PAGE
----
KudoZ home » French to English » Environment & Ecology

la laisse de mer

English translation: high water mark

Login or register (free and only takes a few minutes) to participate in this question.

You will also have access to many other tools and opportunities designed for those who have language-related jobs
(or are passionate about them). Participation is free and the site has a strict confidentiality policy.
12:59 Mar 20, 2018
French to English translations [PRO]
Environment & Ecology
French term or phrase: la laisse de mer
Bjr, I am struggling to translate "la laisse de mer" which are algae, shells, small dead animals which are deposited on the beach by the tide and to be left on the beach so the enable the sand to accumulate and with time to build dunes...un grand merci par avance
Alexandra Demai
France
Local time: 23:40
English translation:high water mark
Explanation:
Also Tidal refuse (second web ref below)

https://www.linguee.fr/search?query=laisse de mer
Selected response from:

Odette Grille
Canada
Local time: 17:40
Grading comment
natural tidal waste
4 KudoZ points were awarded for this answer



Summary of answers provided
4 +1marine deposits
Ben Gaia
4natural deposits left by the sea
Gordon Matthews
4deposited by the sea/ocean
Hilary McGrath
4natural flotsam/debris
philgoddard
4high water mark
Odette Grille
4Beach ridge (barrier)
B D Finch
3on/along the shoreline
Rachel Fell
Summary of reference entries provided
Flotsam and jetsam
B D Finch

Discussion entries: 16





  

Answers


23 mins   confidence: Answerer confidence 4/5Answerer confidence 4/5
high water mark


Explanation:
Also Tidal refuse (second web ref below)

https://www.linguee.fr/search?query=laisse de mer


    https://www.linguee.fr/search?query=laisse de mer
    Reference: http://books.google.ca/books?id=TIMSDAAAQBAJ&pg=PA326&lpg=PA...
Odette Grille
Canada
Local time: 17:40
Specializes in field
Native speaker of: French
PRO pts in category: 4
Grading comment
natural tidal waste

Peer comments on this answer (and responses from the answerer)
neutral  Carol Gullidge: I don't believe this fits the Asker's description. Also, beware of Linguee - whilst it can be extremely helpful when you are stumped for inspiration, it can never, on its own, be completely relied upon.
9 mins
Login to enter a peer comment (or grade)

35 mins   confidence: Answerer confidence 3/5Answerer confidence 3/5
on/along the shoreline


Explanation:
if it's a title and has pictures

Rachel Fell
United Kingdom
Local time: 22:40
Works in field
Native speaker of: Native in EnglishEnglish
PRO pts in category: 4
Login to enter a peer comment (or grade)

48 mins   confidence: Answerer confidence 4/5Answerer confidence 4/5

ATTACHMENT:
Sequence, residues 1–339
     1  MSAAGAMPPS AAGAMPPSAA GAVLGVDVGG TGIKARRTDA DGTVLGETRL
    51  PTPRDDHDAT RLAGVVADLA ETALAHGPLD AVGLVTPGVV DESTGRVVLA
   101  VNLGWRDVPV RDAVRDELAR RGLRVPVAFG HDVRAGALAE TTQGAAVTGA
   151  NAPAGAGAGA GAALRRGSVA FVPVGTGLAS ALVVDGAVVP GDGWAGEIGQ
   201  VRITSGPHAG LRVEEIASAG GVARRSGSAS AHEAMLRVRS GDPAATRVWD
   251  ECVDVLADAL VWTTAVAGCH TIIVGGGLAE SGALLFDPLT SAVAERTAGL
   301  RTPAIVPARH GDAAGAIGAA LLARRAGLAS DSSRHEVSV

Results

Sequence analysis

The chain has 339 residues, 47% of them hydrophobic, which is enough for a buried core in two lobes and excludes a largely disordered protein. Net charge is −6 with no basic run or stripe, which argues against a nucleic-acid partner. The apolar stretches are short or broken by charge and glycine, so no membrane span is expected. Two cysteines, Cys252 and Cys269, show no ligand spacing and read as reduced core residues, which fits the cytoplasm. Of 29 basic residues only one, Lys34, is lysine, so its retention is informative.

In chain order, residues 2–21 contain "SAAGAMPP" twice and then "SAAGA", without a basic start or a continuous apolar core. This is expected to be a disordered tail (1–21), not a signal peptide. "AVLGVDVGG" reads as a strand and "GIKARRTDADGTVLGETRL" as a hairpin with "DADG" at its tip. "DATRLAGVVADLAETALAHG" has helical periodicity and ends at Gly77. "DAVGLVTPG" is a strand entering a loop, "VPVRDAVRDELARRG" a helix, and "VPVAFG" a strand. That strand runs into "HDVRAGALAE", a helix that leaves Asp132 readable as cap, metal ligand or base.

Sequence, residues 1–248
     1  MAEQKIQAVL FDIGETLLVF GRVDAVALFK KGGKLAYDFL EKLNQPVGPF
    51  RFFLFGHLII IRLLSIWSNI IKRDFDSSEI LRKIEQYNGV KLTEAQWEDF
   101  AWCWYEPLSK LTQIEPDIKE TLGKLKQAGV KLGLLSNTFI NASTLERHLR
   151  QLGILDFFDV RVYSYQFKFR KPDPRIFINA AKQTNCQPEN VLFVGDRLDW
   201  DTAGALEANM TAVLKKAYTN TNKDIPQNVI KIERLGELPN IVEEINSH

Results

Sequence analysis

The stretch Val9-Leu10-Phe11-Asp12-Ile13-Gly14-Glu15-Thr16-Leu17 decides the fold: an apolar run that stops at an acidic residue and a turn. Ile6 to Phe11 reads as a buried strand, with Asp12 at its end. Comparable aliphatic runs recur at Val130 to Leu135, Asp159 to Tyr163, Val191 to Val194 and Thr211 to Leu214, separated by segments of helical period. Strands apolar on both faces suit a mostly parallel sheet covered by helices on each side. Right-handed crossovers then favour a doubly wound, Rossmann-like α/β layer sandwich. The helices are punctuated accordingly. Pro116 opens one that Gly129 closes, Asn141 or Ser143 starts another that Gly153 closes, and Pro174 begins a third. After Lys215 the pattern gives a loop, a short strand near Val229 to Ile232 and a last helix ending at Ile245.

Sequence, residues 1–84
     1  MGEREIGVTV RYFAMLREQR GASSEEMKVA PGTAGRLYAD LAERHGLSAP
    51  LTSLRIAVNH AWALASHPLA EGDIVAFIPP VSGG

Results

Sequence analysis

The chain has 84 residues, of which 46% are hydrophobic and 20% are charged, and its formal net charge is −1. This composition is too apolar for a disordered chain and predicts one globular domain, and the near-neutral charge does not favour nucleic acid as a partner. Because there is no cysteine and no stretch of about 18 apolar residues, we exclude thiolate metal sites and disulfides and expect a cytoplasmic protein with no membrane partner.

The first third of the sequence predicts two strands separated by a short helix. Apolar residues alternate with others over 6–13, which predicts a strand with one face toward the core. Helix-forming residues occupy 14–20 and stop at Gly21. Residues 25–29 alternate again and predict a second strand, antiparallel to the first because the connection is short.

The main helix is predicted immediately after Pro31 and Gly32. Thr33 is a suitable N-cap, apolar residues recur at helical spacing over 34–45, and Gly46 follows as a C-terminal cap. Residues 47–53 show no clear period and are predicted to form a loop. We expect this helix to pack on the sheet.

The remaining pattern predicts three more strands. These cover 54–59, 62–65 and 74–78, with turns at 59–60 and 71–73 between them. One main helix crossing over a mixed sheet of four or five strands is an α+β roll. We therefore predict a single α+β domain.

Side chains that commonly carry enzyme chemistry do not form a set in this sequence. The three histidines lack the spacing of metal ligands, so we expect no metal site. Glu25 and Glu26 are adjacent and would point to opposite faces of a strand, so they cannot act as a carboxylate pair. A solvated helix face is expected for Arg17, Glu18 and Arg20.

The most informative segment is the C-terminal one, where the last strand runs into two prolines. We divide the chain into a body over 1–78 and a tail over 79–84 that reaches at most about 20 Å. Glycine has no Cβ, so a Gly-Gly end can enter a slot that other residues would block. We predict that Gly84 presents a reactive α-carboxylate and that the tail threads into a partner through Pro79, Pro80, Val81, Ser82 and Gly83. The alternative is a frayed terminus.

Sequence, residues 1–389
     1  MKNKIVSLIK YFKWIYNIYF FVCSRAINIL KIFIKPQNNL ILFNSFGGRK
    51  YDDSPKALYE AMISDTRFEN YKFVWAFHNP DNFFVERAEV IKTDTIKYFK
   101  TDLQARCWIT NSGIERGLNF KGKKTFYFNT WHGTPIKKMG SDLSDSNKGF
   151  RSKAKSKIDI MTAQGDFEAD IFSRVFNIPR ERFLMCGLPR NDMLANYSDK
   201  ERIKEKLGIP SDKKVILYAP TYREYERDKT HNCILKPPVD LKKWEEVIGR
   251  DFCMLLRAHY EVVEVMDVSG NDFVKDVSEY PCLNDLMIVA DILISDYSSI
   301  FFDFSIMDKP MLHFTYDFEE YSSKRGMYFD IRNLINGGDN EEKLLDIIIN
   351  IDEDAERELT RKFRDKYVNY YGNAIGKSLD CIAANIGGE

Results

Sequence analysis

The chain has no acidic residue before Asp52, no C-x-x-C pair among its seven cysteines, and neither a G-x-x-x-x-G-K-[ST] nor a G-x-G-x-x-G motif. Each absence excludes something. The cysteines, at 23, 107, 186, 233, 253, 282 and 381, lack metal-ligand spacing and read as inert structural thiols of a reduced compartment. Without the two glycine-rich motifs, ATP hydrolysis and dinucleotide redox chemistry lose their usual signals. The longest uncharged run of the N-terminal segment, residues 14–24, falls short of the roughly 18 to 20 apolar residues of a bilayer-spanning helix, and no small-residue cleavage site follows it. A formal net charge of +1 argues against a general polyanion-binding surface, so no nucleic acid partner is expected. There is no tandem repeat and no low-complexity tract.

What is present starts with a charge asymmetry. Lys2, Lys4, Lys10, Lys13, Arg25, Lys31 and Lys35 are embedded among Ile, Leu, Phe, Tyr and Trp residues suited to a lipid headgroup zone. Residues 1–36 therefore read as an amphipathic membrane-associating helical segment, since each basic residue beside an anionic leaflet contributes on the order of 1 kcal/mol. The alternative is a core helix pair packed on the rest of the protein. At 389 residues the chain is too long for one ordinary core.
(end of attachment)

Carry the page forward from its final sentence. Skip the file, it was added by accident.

Beach ridge (barrier)


Explanation:
https://www.niwa.co.nz/coasts/nzcoast/tools-and-visualisatio...
"Beach ridge barrier: A single low, essentially continuous mound or ridge of beach material predominantly built by the action of waves (swash) on the backshore of a beach, and occurring singly or as one of a series of approximately parallel deposits. Generally composed of coarse sandy, pebbly, cobble and/or shelly material."

https://books.google.fr/books?id=vSQVAQAAIAAJ
United States. Dept. of the Interior. Coastal Barriers Task Force - 1983 - ‎Nature
Type 6 : Single Beach Ridge Barrier. These coastal barriers have narrow beach-berm structures of cobbles, sand, fine sand, and even silt or mud. The beach ridge is created by the action of waves along the shore and usually represents the highest level to which sediments are transported by normal tides. ...

https://en.wikipedia.org/wiki/Beach_ridge
"A beach ridge is a wave-swept or wave-deposited ridge running parallel to a shoreline. It is commonly composed of sand as well as sediment worked from underlying beach material. The movement of sediment by wave action is called littoral transport. Movement of material parallel to the shoreline is called longshore transport. Movement perpendicular to the shore is called on-offshore transport. A beach ridge may be capped by, or associated with, sand dunes. The height of a beach ridge is affected by wave size and energy."


B D Finch
France
Local time: 23:40
Works in field
Native speaker of: Native in EnglishEnglish
PRO pts in category: 39

Peer comments on this answer (and responses from the answerer)
neutral  Nikki Scott-Despaigne: A beach ridge is essentially composed of sand, sediment and so on. The beach ridge forms on the "laisse de mer" and so precedes it. Helpful post read in conjunction with the Asker's post. ;-)